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Re: FW: [EFM] EFM Requirements

On Fri, 17 Aug 2001 18:34:59 -0700  "ramu" wrote:
> Harry, regarding your comment: "The (DOCSIS) protocol is rock solid
> and it works in millions of CM's deployed."
> Rock solid? You have a funny definition of solid. There have been over
> 300 ECNs (engineering change notices) accepted against it in the past
> few years, and it is hardly dropping off to a trickle today.

Please lose the sarcasm.  There may be some forums where it is an
acceptable rhetorical device; a standards discussion is not one of
them.  Sarcasm is good for scoring points; but is counter productive
in reaching informed consensus.

> I am all for reuse if it makes sense. However I have yet to see such
> an argument that spells out DOCSIS specifics. Clearly you cannot be
> endorsing DOCSIS to the letter, so what exactly are you endorsing
> about DOCSIS? Details please, not high-level concepts.

Any time the qualifier "clearly" is used in a statement, it is a
warning signal of a weak argument.  If the statement was really
"clear", then there would be no need for the qualifier.  "Clearly" is
used when the argument is far from clear and the writer is trying to
cover over the weakness using "proof by vigorous assertion".

I may have missed an email, but reviewing Harry's statements in the
messages I have, I don't believe he ever stated that he endorsed
DOCSIS in any way; he was offering a correction on how many DOCSIS
chip vendors there are.  If one's goal is to reach consensus, it is a
mistake to attribute straw dog statements to one's fellow consensus
seekers... especially just to shoot them down.

I agree with your focus on concrete details, it is a good way to reach
an informed consensus.  I would also suggest we try to base arguments
on verifiable facts.  Harry's stated one verifiable, concrete fact ( a
list of four DOCSIS chip vendors); your reply did not contain many
concrete, verifiable facts.  Your reply did contain a large amount of
opinion, vigorously stated.  Vigorous opinion is a weak foundation for
a standard (and yes, I am aware most standards have weak foundations.)

Here is my current argument on compatibility with DOCSIS:

1) As of 3/1/01 there were 4.7 cable modems deployed in the US,
   compared to 2.2 DSL modems [ "Get Wired: Why cable will beat the
   Bells in the race to wire your home"; Jonathan R. Laing;
   Barrons 8/20/01;]

2) That article also states a variety of different analysts opinions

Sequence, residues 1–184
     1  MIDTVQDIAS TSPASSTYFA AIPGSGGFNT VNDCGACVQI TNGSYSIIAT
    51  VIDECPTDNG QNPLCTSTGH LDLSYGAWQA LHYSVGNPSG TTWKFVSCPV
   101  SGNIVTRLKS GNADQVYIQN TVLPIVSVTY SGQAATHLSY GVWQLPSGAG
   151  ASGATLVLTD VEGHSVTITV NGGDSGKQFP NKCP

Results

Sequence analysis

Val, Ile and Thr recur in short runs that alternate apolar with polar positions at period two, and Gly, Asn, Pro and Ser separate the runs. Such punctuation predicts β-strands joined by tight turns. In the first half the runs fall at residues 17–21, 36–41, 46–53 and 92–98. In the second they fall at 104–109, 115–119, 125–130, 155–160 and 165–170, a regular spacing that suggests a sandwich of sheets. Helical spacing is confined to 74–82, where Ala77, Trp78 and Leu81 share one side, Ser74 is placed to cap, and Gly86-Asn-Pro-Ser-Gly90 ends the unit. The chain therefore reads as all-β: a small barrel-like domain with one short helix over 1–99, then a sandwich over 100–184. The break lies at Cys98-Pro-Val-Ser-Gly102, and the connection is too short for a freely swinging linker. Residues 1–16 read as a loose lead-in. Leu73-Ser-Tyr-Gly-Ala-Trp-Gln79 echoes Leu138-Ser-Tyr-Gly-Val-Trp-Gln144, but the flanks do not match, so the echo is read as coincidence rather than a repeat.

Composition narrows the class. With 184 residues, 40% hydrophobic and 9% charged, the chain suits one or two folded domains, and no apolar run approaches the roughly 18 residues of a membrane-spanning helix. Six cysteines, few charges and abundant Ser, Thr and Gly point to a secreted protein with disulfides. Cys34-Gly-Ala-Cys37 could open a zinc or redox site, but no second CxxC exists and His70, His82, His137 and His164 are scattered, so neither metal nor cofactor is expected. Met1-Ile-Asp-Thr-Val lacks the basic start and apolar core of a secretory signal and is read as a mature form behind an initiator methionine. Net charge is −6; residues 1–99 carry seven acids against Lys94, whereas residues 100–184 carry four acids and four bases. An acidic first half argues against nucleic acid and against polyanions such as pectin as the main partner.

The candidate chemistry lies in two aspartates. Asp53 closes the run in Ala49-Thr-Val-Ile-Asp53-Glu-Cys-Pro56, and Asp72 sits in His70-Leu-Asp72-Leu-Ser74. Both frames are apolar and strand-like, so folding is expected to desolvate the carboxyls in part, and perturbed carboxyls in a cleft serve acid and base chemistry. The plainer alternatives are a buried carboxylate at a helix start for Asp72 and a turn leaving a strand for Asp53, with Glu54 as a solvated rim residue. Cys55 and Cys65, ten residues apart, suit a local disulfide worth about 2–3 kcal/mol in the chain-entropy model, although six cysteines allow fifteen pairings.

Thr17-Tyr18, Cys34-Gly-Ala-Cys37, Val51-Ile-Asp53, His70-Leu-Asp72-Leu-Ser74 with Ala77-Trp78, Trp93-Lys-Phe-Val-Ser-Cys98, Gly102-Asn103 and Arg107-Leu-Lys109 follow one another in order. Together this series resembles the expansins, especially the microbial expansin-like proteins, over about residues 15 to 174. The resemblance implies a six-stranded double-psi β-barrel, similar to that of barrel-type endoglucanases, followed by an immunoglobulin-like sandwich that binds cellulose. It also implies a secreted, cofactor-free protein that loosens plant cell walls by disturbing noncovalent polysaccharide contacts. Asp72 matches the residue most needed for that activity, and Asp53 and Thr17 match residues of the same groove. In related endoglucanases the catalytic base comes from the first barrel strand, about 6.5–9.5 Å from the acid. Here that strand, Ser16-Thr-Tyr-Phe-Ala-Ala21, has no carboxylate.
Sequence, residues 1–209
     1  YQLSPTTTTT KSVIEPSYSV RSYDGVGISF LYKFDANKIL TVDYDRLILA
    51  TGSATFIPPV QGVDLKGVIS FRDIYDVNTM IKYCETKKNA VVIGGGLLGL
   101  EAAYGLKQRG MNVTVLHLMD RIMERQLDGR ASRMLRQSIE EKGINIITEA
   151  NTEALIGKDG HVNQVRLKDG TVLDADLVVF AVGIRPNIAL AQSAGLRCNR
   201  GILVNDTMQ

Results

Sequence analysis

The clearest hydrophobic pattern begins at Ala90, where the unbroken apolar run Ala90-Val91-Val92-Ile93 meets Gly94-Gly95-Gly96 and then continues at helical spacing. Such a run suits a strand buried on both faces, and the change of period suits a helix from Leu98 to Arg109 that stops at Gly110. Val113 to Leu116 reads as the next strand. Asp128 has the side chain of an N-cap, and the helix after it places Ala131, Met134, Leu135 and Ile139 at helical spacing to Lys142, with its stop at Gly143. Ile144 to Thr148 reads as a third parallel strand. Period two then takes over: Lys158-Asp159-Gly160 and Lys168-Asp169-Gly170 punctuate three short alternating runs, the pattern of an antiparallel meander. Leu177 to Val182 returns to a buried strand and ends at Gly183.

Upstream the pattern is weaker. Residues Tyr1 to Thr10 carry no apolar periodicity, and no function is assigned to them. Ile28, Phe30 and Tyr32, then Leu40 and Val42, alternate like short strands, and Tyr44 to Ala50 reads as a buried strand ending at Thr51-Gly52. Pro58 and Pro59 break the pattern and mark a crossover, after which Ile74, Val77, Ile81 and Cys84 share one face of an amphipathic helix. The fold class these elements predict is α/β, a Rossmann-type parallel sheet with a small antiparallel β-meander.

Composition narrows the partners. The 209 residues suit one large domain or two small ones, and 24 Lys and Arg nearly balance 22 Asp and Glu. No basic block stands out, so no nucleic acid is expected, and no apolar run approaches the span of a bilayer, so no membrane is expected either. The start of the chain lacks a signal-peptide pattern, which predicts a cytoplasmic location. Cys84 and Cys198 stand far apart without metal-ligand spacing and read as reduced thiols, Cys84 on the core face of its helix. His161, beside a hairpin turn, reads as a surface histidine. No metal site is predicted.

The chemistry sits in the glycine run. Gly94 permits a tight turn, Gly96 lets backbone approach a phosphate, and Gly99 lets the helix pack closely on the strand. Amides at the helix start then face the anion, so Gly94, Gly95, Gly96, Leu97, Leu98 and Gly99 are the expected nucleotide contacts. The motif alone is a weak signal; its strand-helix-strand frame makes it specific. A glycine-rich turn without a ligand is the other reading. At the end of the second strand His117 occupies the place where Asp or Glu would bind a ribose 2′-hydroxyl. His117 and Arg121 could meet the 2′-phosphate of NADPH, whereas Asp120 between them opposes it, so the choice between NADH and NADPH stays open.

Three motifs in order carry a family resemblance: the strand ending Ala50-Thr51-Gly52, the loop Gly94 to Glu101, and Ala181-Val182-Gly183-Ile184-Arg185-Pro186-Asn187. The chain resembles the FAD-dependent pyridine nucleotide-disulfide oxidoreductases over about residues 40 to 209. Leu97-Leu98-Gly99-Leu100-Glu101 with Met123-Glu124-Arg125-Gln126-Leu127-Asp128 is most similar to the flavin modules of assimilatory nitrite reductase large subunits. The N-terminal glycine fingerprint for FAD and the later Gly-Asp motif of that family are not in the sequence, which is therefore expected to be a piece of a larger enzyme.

that future growth will favor cable modems over DSL.  I have always
   found the analysts opinions not worth the bits they are written on-- 
   I didn't believe them when they thought that DSL was a winner and
   I believe that telcos have a chance to change and catch up-- but
   let us say that cable will be at least as effective as DSL.  Now
   DSL has a 32% market share with CM having a 68% share.  In a few
   years, when EFM is ready to roll out at all data rates, it is likely
   that at least 50% of the installed base will be DOCSIS based.

From the above, I infer that:

1) DOCSIS is either an advantage or at least not a disadvantage to CMs.

2) DOCSIS 1.0 is a mature protocol with the largest market share, >65%,
   of installed devices.

3) DOCSIS chips have and will maintain economies of scale.

4) It would be an advantage to a device intended to supplant DOCSIS
   CMs to work well with DOCSIS based backend systems.
From these inferences, I would suggest the following requirements:

1) That EFM be DHCP compatible.  If there is any configuration of the
   client premises equipment (CPE), it be via DHCP.  the CPE should
   support the features that DOCSIS supports, such as "relay agent".

2) That if a configuration is loaded for the CPE, the loading follow
   the DOCSIS protocol state machine and message formats and tftp be

3) That if the CPE is capable of being monitored, that SMNP be used
   and that the DOCSIS MIB be supported.

None of the above requirements force the CPE to have any
intelligence.  My personal current opinion is that it would be
better to have the CPE be a very simple Ethernet bridge device.  In
that case, these requirements can be met by doing nothing.  However,
for providers with a strong DOCSIS base, it means all their backend
systems will have to be replaced.  Think of all the dial-up providers
that wanted to do DSL using their legacy dial-up backends.  Radius
auth, PPPoE and PPPoA are a greater abomination that DOCSIS will ever
be.  Ooophs, apologies for slipping the opinon vigorously stated as
fact in there....

I am sincerely interested in your response.

Fletcher Kittredge
Great Works Internet
8 Pomerleau St.
Biddeford, ME 04005